WASHINGTON — If Mexico doesn’t do more to protect American citizens when they’re south of our border, the U.S. government may need to intervene militarily, U.S. Sen. Tom Cotton, R-Ark., told Fox News on Tuesday.
His comments came hours after President Donald Trump offered, via Twitter, to help Mexico “wage WAR on the drug cartels and wipe them off the face of the earth.”
Both men were responding to the murder of nine people with dual citizenship in Mexico and the United States.
During an interview with Fox News’ Neil Cavuto, the lawmaker from Dardanelle repeatedly raised the possibility that armed intervention would be required.
“Unfortunately, it’s plain that the Mexican government can’t handle this. President [Andres Manuel] Lopez Obrador came into office almost a year ago saying that his strategy for dealing with the cartels was going to be more hugs, not bullets. That may work in a children’s fairy tale, but in the real world, when three American women and six American children were gunned down and burned alive, the only thing that can counteract bullets is more and bigger bullets,” Cotton said.
The killings, Cotton said are a “reminder of just how important it is to secure our border.”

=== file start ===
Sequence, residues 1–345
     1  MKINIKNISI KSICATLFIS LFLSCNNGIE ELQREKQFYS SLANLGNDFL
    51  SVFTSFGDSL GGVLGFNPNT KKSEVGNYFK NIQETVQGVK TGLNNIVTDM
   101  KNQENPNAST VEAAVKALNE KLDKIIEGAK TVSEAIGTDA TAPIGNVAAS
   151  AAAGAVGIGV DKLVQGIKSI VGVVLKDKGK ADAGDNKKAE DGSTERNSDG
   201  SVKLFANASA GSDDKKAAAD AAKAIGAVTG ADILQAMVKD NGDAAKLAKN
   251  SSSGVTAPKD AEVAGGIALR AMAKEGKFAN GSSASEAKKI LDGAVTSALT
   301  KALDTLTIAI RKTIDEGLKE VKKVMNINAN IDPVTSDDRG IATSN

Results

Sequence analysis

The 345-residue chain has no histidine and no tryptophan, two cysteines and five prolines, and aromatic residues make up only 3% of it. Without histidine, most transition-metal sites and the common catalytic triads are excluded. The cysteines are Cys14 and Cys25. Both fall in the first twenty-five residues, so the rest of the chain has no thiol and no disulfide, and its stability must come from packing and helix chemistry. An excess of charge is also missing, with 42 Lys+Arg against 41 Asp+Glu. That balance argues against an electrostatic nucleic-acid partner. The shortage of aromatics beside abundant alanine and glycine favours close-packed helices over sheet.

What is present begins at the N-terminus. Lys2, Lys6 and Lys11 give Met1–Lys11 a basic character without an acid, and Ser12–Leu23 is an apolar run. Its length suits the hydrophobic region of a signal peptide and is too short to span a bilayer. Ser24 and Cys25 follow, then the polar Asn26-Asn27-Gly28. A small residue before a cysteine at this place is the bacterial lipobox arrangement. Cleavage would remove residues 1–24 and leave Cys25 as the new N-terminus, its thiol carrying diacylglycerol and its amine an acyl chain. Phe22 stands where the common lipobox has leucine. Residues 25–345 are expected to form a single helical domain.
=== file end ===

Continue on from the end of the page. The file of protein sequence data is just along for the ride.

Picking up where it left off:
The U.S. wants to work with Mexico, Cotton said. But if things don’t improve, a U.S. incursion across the nation’s southern border may be necessary, he said.
“If the Mexican government can’t protect Americans inside of Mexico, then America may have to take matters into our own hands. We showed that we can do it last week in Syria [with the raid on Islamic State leader Abu Bakr al-Baghdadi]. We showed eight years ago that we can do it in Pakistan during the Osama bin Laden raid,” Cotton said. “This is only 50 miles away from our southern border. We can certainly defend American citizens inside of Mexico if Mexico is not willing or able to do so.”
In a telephone interview after Cotton spoke, Democratic U.S. Senate candidate Joshua Mahony of Fayetteville cautioned against “taking matters into our own hands.”
Instead, the U.S. should “work with Mexico to make sure that any citizen from the United States traveling there is safe and does not have to worry about violence coming to them from organized crime or drug trafficking or anything related to that,” he said.
“I think that we need to approach this as a partnership,” Mahony said. “There’s a constructive way to do this.”
Terence Garrett, a professor in the Public Affairs and Security Studies Department at the University of Texas Rio Grande Valley, warned that unilateral military action by the U.S. would come at a cost.
“Mexico would never accept any US intervention into Mexico. It would likely result in a war,” he wrote in an email.
Mexico’s government declared war on the drug cartel in 2006. Since then, violent crime has soared and the flow of drugs has continued.
“The problem for the US today is not ‘Mexico’ despite what some politicos are saying. The real problem is US illegal drug consumption which destabilizes the entire western hemisphere,” Garrett wrote.